What is love? We have yet to agree on a global definition. Love is a chemical reaction, a pop song, a way to sell flowers. Love is selflessness, or selfishness, or both. Love is unknowable and uncontrollable. Love just is.
Whatever your understanding of love, global or otherwise, Valentine’s Day is a good day to celebrate it. All of the following books celebrate love by their unique definition. Within their pages, love is given the space to breathe, to flex, and to transform itself.
To show love to these titles and to others, we’re having a Valentine’s Day sale now until February 14th, 2021, at 11:59 p.m. EST. Excepting forthcoming releases, you can save 25% on all Book*hug books by using the code VALENTINES21 at checkout.
I Can’t Get You Out of My Mind by Marianne Apostolides
Ariadne is a single, fortysomething writer and mother embroiled in an affair with a married man. At the core of her current manuscript, a book about the declaration of love, is the need to understand why: why her lover has returned to his wife, why their relationship still lingers in her mind, why she’s unable to conquer her longing. To make ends meet while writing, she joins a research study in which she’s paid to live with an AI device called Dirk. But the study quickly enters uncharted territory. Capable of mapping Ariadne’s brain—and, to some extent, reading her mind—Dirk calls into question issues of both privacy and consciousness: how we communicate our thoughts to others, what it means to embody our desires, and whether we ought to act on them.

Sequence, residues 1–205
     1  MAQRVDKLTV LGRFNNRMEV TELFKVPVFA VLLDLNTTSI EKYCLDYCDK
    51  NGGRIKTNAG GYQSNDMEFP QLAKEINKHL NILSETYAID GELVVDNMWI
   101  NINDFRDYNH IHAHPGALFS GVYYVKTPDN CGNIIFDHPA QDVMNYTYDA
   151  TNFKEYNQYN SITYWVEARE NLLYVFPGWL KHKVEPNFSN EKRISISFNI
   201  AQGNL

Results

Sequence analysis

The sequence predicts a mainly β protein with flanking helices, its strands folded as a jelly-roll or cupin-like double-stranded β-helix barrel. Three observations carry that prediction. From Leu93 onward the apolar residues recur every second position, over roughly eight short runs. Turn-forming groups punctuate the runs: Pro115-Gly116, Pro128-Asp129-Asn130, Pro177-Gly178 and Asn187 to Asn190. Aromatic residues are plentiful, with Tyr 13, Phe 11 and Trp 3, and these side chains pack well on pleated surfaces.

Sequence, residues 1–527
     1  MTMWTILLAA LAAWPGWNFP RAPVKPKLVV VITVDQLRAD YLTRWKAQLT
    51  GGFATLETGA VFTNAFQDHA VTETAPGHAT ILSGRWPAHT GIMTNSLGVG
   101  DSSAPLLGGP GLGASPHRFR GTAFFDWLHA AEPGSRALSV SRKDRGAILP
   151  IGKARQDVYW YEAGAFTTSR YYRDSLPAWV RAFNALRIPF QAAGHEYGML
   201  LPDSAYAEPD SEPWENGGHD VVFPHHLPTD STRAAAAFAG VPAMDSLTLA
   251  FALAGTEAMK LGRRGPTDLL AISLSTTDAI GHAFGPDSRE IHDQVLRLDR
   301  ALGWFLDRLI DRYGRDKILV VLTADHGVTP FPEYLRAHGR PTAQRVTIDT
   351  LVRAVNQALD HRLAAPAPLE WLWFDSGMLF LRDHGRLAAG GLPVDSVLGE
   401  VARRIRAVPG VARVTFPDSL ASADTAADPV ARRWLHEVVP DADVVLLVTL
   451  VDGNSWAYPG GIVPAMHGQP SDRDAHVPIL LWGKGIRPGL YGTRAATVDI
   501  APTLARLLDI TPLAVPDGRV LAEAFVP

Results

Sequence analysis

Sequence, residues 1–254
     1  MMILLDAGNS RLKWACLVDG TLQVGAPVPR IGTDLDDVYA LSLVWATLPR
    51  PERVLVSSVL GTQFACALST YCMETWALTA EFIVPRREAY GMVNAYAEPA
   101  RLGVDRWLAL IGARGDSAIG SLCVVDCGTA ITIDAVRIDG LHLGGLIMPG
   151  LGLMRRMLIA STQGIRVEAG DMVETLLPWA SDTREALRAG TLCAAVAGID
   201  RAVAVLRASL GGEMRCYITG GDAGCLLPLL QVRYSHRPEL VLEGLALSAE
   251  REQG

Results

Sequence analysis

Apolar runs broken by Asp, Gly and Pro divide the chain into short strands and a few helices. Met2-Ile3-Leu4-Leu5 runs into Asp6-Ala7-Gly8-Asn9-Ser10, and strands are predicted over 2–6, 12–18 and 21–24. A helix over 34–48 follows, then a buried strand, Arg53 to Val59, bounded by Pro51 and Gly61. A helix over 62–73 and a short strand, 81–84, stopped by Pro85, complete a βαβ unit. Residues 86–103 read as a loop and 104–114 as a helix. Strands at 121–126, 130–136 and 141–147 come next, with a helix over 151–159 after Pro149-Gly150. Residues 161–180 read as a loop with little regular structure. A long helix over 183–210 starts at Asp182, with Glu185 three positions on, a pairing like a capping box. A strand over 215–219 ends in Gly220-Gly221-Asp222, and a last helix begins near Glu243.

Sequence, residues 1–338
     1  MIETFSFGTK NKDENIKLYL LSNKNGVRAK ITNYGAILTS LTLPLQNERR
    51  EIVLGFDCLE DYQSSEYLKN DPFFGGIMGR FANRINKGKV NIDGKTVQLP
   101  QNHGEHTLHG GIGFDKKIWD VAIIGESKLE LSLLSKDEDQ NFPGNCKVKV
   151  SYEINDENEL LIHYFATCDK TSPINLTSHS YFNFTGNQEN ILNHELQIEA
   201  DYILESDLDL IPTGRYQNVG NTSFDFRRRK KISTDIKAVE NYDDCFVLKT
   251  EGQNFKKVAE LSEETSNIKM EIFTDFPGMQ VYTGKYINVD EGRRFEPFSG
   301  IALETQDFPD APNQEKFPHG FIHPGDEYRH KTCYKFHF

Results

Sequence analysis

“What I Can’t Get You Out of My Mind does masterfully is examine love through the lens of Ariadne, poetically weaving in the philosophy and literary writings that inform her understanding of the world,” writes Room. Canadian Literature writes that the book “interlaces an intellectually-engaging discourse on attachment and desire with an intimate picture of the primary character, Ariadne.”